It’s not the first time the
guys have done something
SISTERS
from 1D
assistance. Inchingalo said she’s
always had an entrepreneurial
spirit and, as she got to know
Schabauer and learned more
about her projects, decided to
team up to turn a passion into
a business.
“We both learn from each
other. It’s a growing experience
as we make different plans come
to life,” Inchingalo, 30, said. “We
work well. We are like yin and
yang.”
They were born in Peru, fathered by a man who dated their
radical to raise money.
Two years ago, Kellam
and Schwesinger climbed
Mount Kilimanjaro to
raise money for the shelter.
This time, they decided to
challenge themselves by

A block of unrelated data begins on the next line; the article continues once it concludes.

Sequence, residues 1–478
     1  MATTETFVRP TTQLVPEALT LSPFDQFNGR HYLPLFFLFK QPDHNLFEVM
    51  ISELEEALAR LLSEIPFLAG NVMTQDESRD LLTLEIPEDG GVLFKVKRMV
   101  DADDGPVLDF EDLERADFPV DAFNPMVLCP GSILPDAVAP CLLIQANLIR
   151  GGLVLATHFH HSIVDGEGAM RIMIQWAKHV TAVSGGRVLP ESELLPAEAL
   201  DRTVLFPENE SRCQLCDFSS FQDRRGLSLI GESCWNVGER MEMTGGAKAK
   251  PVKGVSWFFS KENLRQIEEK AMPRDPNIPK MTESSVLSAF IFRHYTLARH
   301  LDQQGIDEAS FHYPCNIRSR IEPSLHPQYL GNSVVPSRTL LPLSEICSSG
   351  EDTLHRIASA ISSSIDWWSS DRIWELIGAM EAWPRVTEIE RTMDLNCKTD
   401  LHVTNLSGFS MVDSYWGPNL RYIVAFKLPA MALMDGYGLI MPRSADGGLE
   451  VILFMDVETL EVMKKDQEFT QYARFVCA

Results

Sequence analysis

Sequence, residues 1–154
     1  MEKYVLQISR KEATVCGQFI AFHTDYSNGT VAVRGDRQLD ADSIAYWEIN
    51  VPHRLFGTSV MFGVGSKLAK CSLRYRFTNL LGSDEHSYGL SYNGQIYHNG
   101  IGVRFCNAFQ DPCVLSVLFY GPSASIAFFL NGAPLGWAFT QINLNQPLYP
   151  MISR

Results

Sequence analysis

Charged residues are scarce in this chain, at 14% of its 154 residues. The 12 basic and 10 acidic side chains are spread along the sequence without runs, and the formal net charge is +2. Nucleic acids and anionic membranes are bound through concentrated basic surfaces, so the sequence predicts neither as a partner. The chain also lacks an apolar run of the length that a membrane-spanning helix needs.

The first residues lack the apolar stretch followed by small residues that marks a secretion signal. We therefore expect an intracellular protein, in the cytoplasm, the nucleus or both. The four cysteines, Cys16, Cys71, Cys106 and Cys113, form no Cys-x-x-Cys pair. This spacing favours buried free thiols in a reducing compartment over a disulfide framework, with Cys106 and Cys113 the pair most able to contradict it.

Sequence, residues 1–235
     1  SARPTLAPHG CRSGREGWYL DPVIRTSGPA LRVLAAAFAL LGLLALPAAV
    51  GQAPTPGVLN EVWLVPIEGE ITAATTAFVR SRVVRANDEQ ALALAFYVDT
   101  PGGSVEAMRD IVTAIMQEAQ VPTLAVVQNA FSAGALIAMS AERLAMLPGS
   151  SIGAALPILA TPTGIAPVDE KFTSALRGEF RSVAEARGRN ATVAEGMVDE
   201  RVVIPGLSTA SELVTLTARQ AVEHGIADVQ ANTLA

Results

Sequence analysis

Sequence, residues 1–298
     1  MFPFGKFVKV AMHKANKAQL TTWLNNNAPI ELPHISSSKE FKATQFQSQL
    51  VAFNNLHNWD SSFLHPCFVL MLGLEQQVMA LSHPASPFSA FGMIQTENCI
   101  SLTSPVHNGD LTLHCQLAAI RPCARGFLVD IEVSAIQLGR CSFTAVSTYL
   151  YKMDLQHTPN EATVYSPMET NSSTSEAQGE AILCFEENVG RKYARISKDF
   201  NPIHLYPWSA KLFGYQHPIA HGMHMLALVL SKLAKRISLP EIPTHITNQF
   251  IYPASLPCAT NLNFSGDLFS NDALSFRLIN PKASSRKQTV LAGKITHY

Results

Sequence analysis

biking. None of the three
are cyclists.
They’ve been training
for the past year, spending as much time on their
bikes as possible and
logging back-to-back
mothers at different times.
Inchingalo’s mother got pregnant but never told the father
and they parted ways. She and
her daughter left Peru to live in
California when Inchingalo was
still small.
Schabauer’s parents then married, and she grew up with them
in Peru. She was 7 when they
moved to Weston. They divorced
six years later.
Given the secrets in the families, the two sisters might never
have found each other. Schabauer’s mother never knew about
her husband’s other child, and
Inchingalo never knew her father’s name.
70-mile days.
“We’re prepared in a
sense but we’ve never it
done it for this length of
time,” Kellam said. “It’s
one of these moments
where we’ll have to figure
out what our bodies are
capable of.”
You can monitor’s
the trio’s ride online at
naplesshelter.org/ride.
Donations can be made at
the same site.
When a family friend revealed
it, Inchingalo turned to the place
a friend had gone to find her own
father: Facebook. That’s where